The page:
Cherish Others is grateful to all the partners from Global Giving who contributed generously towards the aforementioned achievements.
Female Genital Mutilation continues in kenya even though the practice has been declared illegal in Kenya. The practice is currently being perpertrated by private practitioners who perform the operations in secret with the cooperation of the victim and their parents, usually the mother of the girl.
Cherish Others Organisation Kenya embarked on an aggressive campaign to sensitise school pupils on the harmfulness of FGM. Eight schools were reached and a total of three hundred and forty two pupils were reached in Trans Mara. The pupils expressed shock and surprise when they learnt how FGM operations were carried out and the negative effects of the practice and were even more shocked when they saw some of the instruments that were used for genital cutting. The pupils got to learn of the upcoming Alternative Rites of Passage program scheduled for April 8th to 12th and registered to be included in the session.
During the period under review home visits were made to homes with girls who were at risk of being put through FGM. Twenty six homes were visited and fifteen girls were identified who would be taken for the alternative rites of passage seminar scheduled for April 2015. The parents of the girls were sensitised about the harmfulness of the practice and therefore agreed to let the girls participate in the seminar, a positive move.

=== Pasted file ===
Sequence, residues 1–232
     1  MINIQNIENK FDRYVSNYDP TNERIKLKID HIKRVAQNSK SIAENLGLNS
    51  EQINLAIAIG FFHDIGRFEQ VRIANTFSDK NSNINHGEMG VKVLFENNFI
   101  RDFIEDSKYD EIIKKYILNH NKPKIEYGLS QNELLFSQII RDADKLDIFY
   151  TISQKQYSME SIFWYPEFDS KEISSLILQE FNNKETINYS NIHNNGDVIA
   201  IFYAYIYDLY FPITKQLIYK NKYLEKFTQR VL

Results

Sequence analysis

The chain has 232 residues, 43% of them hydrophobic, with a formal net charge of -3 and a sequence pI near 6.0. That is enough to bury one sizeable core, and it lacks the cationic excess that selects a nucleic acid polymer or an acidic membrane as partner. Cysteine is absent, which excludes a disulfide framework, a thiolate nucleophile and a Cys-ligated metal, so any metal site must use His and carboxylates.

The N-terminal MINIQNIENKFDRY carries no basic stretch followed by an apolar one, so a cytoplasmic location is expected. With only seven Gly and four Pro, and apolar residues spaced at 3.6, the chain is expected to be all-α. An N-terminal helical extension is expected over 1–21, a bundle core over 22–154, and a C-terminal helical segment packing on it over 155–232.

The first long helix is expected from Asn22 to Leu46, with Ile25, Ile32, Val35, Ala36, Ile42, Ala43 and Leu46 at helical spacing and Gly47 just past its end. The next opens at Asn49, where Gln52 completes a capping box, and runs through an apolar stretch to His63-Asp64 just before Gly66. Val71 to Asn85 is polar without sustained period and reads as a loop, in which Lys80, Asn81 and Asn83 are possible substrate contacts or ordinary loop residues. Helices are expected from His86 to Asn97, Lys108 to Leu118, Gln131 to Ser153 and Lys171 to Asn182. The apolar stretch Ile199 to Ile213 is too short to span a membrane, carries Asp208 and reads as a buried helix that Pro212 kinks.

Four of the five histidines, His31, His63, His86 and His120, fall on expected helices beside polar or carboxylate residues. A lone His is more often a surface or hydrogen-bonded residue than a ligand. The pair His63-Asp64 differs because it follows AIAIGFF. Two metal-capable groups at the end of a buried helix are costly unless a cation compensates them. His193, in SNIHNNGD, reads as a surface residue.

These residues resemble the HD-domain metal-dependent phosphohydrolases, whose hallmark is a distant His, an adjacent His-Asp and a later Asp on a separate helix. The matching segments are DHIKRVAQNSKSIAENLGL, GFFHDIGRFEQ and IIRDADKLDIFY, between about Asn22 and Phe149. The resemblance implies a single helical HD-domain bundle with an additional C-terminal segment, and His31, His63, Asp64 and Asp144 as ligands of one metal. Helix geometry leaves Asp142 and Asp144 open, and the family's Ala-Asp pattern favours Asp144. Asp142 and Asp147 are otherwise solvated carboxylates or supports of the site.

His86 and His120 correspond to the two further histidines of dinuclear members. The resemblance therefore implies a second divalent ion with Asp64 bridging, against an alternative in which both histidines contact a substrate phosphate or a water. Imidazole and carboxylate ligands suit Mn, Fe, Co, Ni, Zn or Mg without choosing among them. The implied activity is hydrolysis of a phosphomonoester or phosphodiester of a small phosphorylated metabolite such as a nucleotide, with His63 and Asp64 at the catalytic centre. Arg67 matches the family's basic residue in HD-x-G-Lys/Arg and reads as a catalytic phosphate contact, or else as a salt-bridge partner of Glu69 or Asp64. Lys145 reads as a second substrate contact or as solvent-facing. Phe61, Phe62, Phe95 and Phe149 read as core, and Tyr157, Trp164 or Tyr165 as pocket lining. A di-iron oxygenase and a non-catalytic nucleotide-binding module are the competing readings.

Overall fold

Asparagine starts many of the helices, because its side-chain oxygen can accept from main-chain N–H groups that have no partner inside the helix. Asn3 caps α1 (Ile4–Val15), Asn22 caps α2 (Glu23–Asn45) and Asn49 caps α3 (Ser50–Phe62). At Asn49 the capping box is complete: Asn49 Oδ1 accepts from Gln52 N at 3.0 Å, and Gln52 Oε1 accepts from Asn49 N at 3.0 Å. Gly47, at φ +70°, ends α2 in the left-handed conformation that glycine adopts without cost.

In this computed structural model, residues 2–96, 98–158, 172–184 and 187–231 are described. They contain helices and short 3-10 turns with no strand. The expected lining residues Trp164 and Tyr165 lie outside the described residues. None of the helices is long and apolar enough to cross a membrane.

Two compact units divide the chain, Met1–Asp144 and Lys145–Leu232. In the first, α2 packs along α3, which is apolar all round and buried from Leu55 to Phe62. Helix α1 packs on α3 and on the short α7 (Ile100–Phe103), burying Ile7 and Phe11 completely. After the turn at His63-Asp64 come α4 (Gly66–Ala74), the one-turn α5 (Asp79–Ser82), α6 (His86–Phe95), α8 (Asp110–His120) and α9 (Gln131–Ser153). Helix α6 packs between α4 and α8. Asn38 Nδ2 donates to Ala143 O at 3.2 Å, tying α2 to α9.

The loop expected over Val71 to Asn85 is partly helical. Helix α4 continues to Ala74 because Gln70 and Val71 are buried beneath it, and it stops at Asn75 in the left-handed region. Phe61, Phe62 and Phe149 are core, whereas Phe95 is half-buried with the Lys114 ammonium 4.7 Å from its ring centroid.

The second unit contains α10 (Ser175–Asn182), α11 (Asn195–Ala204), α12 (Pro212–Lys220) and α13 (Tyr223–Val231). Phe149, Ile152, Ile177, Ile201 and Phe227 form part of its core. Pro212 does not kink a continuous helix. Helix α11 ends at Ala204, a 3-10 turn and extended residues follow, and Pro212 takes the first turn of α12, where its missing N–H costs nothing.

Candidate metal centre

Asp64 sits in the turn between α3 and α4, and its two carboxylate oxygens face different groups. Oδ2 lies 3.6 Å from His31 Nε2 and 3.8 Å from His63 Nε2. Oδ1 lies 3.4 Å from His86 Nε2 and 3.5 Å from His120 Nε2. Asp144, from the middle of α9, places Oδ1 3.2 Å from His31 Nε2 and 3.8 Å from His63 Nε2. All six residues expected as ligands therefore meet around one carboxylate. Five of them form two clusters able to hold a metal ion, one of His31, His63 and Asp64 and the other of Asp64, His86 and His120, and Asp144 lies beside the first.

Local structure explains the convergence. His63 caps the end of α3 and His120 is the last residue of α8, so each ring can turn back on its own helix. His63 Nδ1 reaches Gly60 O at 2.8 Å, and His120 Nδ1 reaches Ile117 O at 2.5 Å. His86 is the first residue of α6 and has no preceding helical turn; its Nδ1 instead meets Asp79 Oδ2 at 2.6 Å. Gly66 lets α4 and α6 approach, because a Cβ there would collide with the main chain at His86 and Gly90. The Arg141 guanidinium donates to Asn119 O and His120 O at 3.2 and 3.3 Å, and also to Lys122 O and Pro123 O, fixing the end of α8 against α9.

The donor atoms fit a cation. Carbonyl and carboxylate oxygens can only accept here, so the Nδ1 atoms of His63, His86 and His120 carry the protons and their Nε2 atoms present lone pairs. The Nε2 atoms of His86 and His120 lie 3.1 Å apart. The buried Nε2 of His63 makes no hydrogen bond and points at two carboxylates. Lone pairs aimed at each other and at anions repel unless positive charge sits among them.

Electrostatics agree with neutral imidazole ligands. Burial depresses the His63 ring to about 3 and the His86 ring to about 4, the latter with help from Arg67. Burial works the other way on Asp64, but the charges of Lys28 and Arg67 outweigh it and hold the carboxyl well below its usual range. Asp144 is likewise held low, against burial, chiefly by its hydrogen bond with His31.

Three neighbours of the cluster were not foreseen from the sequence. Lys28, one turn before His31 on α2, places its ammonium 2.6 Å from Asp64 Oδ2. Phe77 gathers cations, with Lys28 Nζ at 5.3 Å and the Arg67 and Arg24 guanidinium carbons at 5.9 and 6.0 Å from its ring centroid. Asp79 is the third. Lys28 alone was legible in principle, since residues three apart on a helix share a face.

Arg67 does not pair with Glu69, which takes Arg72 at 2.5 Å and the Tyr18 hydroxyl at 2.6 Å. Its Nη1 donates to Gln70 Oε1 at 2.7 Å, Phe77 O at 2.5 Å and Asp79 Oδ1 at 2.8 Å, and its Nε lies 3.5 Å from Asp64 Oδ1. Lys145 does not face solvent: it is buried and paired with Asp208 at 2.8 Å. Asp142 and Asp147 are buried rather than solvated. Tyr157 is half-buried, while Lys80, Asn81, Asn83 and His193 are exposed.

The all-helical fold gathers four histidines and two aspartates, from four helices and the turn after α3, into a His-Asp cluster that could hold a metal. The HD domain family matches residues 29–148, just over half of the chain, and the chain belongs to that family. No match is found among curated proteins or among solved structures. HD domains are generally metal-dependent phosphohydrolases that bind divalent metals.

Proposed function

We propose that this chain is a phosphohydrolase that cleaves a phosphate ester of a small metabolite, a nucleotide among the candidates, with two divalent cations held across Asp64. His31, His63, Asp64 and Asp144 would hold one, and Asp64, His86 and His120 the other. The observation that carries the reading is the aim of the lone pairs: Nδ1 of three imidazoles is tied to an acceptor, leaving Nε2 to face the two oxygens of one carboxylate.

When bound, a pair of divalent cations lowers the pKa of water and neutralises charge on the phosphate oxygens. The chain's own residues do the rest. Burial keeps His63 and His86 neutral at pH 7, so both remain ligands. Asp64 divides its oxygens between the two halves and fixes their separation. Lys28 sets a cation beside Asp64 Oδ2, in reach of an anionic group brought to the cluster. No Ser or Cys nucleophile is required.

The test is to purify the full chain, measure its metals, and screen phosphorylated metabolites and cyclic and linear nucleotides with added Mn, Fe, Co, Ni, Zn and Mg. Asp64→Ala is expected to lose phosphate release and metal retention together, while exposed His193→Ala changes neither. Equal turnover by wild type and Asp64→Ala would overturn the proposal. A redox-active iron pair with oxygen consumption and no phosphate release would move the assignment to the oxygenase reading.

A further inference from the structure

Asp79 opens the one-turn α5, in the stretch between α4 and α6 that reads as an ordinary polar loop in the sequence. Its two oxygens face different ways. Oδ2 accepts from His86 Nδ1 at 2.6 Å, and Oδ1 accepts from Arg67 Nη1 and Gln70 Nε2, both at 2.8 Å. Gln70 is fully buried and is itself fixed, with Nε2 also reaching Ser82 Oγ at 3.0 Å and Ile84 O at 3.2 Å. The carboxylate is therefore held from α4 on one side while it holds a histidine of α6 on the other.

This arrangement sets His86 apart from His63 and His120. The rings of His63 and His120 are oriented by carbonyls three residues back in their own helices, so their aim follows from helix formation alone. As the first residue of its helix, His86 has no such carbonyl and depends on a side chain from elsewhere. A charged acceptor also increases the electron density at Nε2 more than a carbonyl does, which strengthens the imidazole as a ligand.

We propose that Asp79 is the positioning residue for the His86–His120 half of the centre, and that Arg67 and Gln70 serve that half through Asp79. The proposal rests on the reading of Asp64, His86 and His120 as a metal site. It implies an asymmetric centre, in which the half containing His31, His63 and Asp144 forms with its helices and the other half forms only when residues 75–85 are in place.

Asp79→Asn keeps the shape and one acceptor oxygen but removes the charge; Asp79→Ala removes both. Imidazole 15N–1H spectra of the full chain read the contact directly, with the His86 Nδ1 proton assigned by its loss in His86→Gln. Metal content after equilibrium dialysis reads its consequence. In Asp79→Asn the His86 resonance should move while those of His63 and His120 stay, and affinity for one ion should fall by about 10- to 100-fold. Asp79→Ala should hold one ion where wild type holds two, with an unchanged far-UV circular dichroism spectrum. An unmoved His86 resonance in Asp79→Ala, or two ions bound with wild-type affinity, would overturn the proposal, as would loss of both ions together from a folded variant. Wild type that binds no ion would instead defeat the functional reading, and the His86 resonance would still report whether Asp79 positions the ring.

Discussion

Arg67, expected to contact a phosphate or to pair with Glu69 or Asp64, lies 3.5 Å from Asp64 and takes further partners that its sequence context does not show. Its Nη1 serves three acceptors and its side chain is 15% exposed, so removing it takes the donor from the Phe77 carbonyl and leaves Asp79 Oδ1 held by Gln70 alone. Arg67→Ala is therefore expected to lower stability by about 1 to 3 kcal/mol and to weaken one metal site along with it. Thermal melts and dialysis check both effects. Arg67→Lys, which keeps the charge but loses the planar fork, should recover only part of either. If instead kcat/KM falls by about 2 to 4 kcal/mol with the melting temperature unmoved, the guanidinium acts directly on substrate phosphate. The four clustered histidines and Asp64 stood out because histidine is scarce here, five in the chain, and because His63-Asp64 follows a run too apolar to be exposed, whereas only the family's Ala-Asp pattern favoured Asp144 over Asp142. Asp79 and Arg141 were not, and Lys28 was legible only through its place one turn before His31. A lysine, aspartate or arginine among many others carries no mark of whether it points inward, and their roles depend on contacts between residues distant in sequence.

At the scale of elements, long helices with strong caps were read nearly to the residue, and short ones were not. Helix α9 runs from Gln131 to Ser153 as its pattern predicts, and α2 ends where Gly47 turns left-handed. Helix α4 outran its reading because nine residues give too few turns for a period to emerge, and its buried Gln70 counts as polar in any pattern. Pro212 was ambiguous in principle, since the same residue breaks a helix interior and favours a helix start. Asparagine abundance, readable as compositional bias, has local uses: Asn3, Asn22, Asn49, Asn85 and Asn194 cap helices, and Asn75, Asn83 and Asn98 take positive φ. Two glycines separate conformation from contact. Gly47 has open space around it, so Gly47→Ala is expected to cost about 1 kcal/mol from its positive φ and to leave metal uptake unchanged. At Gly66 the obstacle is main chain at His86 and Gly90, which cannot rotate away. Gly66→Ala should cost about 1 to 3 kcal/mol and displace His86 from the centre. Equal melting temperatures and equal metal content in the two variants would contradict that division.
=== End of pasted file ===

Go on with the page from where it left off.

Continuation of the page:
A women's seminar was held which reached out to twenty five women and educated them on the process involved, effects and that not all women in the world went through FGM, yet they were successfully fulfiling their roles as women in the societies that they came from.
Cherish Others remains grateful to the GlobalGiving community for the continued support and cooperation.
The Masai woman is faced with multiple challenges caused by women marginalization which include Female Genital Mutilation and child marriages. As soon as a girl attains 11 to 13 years of age she goes through Female Genital Mutilation and married off immediately, most probably, in a polygamous set up. By the age of 15 years, the girl is not only a wife but also a mother.
In view of the aforementioned problems Cherish Others introduced Alternative rite of Passage seminars Program which is conducted every April, August and November in order to change the attitudes of not only the girls themselves but also of their parents so as the whole community may deem fit the need to empower girls and nurture them to acquire skills and knowledge to attain self actualization and benefit the community as a whole.
REGISTERING AND MONITORING GIRLS AT RISK